I read the title and expected this to be a book of doctrine. I expected Chesterton to baldly state that he believed in the virgin birth, the deity of Christ, the resurrection - all the things that make up orthodoxy - and then defend them. That's not what Chesterton did. This is not a book of doctrine; it is a book of social creeds.

By "social creed" I mean that Chesterton, instead of describing actual orthodox doctrines, describes the kind of mental attitudes
anca dc
Bucuria, care este mica publicitate a păgânului, este uriaşul secret al creştinului. Iar acum, când închid acest volum haotic, deschid din nou cartea mică şi stranie din care a purces întreg creştinismul; şi sunt urmărit de un fel de confirmare. Cutremurătorul personaj care umple paginile Evangheliilor se înalţă nemăsurat şi în această privinţă, ca în toate celelalte, deasupra tuturor gânditorilor care s-au crezut vreodată înalţi. Patosul său a fost natural, aproape detaşat. Stoicii, antici şi m ...more
Douglas Dalrymple
It’s the fact that this is such a bad book of Christian apologetics which makes it such a good book of Christian apologetics. The mechanical rationalizations of a Lewis, for example, are absent, and Chesterton’s arguments, when he makes them, are sometimes poor. Most of the time he opts instead to overawe with the glory of his rhetoric, to distract with the playful catholicity of his mind, and to paint a vision of revolutionary, western, Christian sanity that somehow ends up being all the more c ...more
Chesterton provides an intriguing and very convincing account of Christian thought and the way he considers it (with regards to its ability to reconcile paradoxes, such as optimism and pessimism) has shed some light on some of the problems I have had when considering Christianity in the past. However, I think that his reading, though evidently not without thought and a large amount of effort devoted to argumentation, is very much coloured by his preexisting devotion to Christianity. His conceptu ...more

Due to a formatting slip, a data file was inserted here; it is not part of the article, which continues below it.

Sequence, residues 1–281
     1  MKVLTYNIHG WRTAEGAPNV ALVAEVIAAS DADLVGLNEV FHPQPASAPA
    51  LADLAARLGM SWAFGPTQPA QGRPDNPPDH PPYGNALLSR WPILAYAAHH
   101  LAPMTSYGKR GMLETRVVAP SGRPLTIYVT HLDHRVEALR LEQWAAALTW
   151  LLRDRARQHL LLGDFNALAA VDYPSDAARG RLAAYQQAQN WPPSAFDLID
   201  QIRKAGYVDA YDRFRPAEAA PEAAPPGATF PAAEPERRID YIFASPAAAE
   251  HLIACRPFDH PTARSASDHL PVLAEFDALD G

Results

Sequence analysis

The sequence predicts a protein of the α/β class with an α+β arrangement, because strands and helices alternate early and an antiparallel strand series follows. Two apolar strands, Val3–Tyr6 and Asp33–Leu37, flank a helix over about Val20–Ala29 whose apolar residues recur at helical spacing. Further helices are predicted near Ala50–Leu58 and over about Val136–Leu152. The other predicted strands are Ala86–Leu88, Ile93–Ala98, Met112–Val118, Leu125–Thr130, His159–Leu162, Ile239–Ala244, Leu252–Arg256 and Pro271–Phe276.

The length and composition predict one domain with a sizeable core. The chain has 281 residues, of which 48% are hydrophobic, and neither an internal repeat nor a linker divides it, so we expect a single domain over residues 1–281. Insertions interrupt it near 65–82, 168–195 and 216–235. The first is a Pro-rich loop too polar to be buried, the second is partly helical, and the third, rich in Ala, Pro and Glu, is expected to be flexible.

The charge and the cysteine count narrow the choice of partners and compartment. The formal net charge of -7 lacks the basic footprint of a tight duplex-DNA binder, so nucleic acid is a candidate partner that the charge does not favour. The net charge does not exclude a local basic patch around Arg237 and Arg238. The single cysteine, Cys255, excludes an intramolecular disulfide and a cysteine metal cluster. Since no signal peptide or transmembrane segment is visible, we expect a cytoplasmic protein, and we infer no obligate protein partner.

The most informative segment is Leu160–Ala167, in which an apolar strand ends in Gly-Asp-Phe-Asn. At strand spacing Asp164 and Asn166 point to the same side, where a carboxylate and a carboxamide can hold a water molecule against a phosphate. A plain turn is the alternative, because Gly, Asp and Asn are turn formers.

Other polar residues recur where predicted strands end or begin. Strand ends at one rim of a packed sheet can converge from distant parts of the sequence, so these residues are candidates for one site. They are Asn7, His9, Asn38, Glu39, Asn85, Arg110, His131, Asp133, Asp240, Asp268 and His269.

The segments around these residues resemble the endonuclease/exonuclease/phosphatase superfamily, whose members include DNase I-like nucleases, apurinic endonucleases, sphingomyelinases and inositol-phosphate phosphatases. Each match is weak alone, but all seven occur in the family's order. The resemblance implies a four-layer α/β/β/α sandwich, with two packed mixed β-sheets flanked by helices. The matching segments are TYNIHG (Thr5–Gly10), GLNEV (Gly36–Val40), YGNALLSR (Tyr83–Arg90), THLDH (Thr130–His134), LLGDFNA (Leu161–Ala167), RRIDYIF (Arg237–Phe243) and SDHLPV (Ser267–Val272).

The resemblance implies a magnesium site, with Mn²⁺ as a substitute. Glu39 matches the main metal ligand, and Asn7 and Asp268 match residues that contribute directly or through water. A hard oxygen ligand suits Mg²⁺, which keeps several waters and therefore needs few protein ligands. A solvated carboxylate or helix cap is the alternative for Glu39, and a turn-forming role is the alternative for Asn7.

Chesterton is very clever--both witty in words and deeply insightful about the faith. At times his wit became almost tedious to listen to (I listened to an AudioBook version) but his way of summing up intellectual history of various movements and insight into the nature of the Gospel was well worth wading through it all. The book is really an autobiography of sorts--I guess an autobiography of his intellectual journey to faith. Very enlightening, inspiring, and fun.
Eric Schmidt
What to say about a book that is so obviously a masterpiece - and which expressed, better than C.S. Lewis and decades earlier, all the essential arguments for accepting the Christian creed? (Lewis' Mere Christianity, unworthy of the attention it receives, is pretty derivative of Chesterton - almost to the point of near-plagiarism.) Anyways, I could write for days. For now I'll confine myself to a few reflections, and start the dialogue from there.

1) In Chesterton's defense, because I'd guess it
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Gilbert Keith Chesterton (1874-1936) was born in London, educated at St. Paul’s, and went to art school at University College London. In 1900, he was asked to contribute a few magazine articles on art criticism, and went on to become one of the most prolific writers of all time. He wrote a hundred books, contributions to 200 more, hundreds of poems, including the epic Ballad of the White Horse, fi ...more
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“Because children have abounding vitality, because they are in spirit fierce and free, therefore they want things repeated and unchanged. They always say, "Do it again"; and the grown-up person does it again until he is nearly dead. For grown-up people are not strong enough to exult in monotony. But perhaps God is strong enough to exult in monotony. It is possible that God says every morning, "Do it again" to the sun; and every evening, "Do it again" to the moon. It may not be automatic necessity that makes all daisies alike; it may be that God makes every daisy separately, but has never got tired of making them. It may be that He has the eternal appetite of infancy; for we have sinned and grown old, and our Father is younger than we.” 680 likes
“Love is not blind; that is the last thing that it is. Love is bound; and the more it is bound the less it is blind.” 312 likes